In epic fashion, Yi Soon Shin tells the tale of a Korean Naval Admiral’s fight to save his people against invading Japanese forces. The sound of a historical comic book might not appeal to many. But Yi Soon Shin’s sprawling chapters unfold with an intriguing story about the people behind the history. And also, it’s a comic book, and therefore not a history lesson, so it’s a fun action story to boot.
Writing: Onrie Kompan
Art: Giovanni Timpano
Colors: Adriana De Los Santos
Letters: Joel Saavedra
Co-Writer/Editor: David Anthony Kraft
“A war is coming and many are going to die.” – Admiral Yi
Onrie Kompan scripted a story that weaves history into fiction in a way that does not bog down the narrative or leave it without substance. We meet Yi Soon late into the introduction of the story. Yi’s introduction is a sequence worthy of any hero. But before meeting Yi, we’re introduced to the Japanese leaders spearheading the invasion. Kompan handles the story by using dialogue and narration. It’s balanced well. Each portion of the text is offering something that advances the narrative and keeps the pace moving. During action scenes, the narration is a somber reminder of the consequences of war. The narration also serves to build the legend of Yi.
Co-Writer and editor David Anthony Kraft keeps the narrative tight and precise. Only a few moments occur when some more text could be trimmed. However, it’s important to note for readers that the dialogue in the book is not “historically accurate.” For starters, this Korean story is being told in English leading to things that might get lost in translation and it makes use of creative license. Secondly, modernisms like “man up” crop up from time to time. For readers looking for the dialogue to keep you in the 16th century at all times, Yi Soon Shin falls short. But the “modern speak” is not overused or distracting otherwise.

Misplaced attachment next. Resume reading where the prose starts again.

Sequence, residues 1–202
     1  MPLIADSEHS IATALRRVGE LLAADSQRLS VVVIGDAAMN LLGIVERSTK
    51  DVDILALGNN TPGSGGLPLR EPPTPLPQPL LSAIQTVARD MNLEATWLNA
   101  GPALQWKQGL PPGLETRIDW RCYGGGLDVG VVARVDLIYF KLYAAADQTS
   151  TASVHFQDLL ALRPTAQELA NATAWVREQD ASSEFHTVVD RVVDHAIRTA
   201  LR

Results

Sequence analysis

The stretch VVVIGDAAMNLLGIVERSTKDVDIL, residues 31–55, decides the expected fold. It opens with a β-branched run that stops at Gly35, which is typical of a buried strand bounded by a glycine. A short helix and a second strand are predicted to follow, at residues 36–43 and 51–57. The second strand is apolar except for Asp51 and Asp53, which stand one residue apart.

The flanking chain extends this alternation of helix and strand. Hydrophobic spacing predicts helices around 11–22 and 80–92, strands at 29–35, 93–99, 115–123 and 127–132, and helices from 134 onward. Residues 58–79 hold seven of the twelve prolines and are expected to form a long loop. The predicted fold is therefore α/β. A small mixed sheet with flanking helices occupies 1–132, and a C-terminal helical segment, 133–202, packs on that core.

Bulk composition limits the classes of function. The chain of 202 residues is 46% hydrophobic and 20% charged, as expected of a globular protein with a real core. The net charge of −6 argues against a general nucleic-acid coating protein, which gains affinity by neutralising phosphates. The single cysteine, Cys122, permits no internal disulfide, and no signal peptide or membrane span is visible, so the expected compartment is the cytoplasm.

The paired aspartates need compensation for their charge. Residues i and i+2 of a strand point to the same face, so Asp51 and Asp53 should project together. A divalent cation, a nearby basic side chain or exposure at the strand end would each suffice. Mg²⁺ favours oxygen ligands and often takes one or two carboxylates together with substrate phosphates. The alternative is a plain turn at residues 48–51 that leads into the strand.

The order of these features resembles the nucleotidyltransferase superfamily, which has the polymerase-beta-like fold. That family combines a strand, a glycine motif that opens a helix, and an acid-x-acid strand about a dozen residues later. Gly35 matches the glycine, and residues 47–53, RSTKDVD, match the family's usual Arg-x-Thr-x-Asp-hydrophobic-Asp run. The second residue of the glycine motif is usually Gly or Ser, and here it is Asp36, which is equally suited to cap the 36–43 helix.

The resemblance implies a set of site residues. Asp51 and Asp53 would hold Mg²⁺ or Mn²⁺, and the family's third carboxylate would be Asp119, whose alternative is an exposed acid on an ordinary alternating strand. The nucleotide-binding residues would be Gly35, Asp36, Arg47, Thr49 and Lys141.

Giovanni Timpano is a veteran artist from Italy who works on books like Lone Ranger/Green Hornet and Cyberforce. Timpano’s style has great range, and here he marries it with something reminiscent of centuries-old oil paintings. Adriana De Los Santos provides the right mixture of colors to make this old-school style come alive. The book looks rich and it provides the comic book a gravitas that plays perfectly into the weight of the story at hand. Lines are thick, but not muddled. Colors are muted but not desaturated. Layered on the visuals is crisp lettering from Joel Saavedra. However, one gripe is the yellow text on orange background used for the narration. It can be a little intense at times and such a sharp change from the more muted feel of everything else.
Yi Soon Shin is a careful blend of history and fiction. It’s a rare feat for any story to pull off, but this comic book does so with great skill. Unofficially, this is a review of what might be considered Chapter 1 of the Yi Soon Shin story. It’s the introduction of our main character and the world he inhabits. We learn Shin’s internal and external struggles. It sets up ruthless villains, a mystery, and more. It also ends with a gruesome cliffhanger that will make you want to continue to the story of this comic book without a second thought.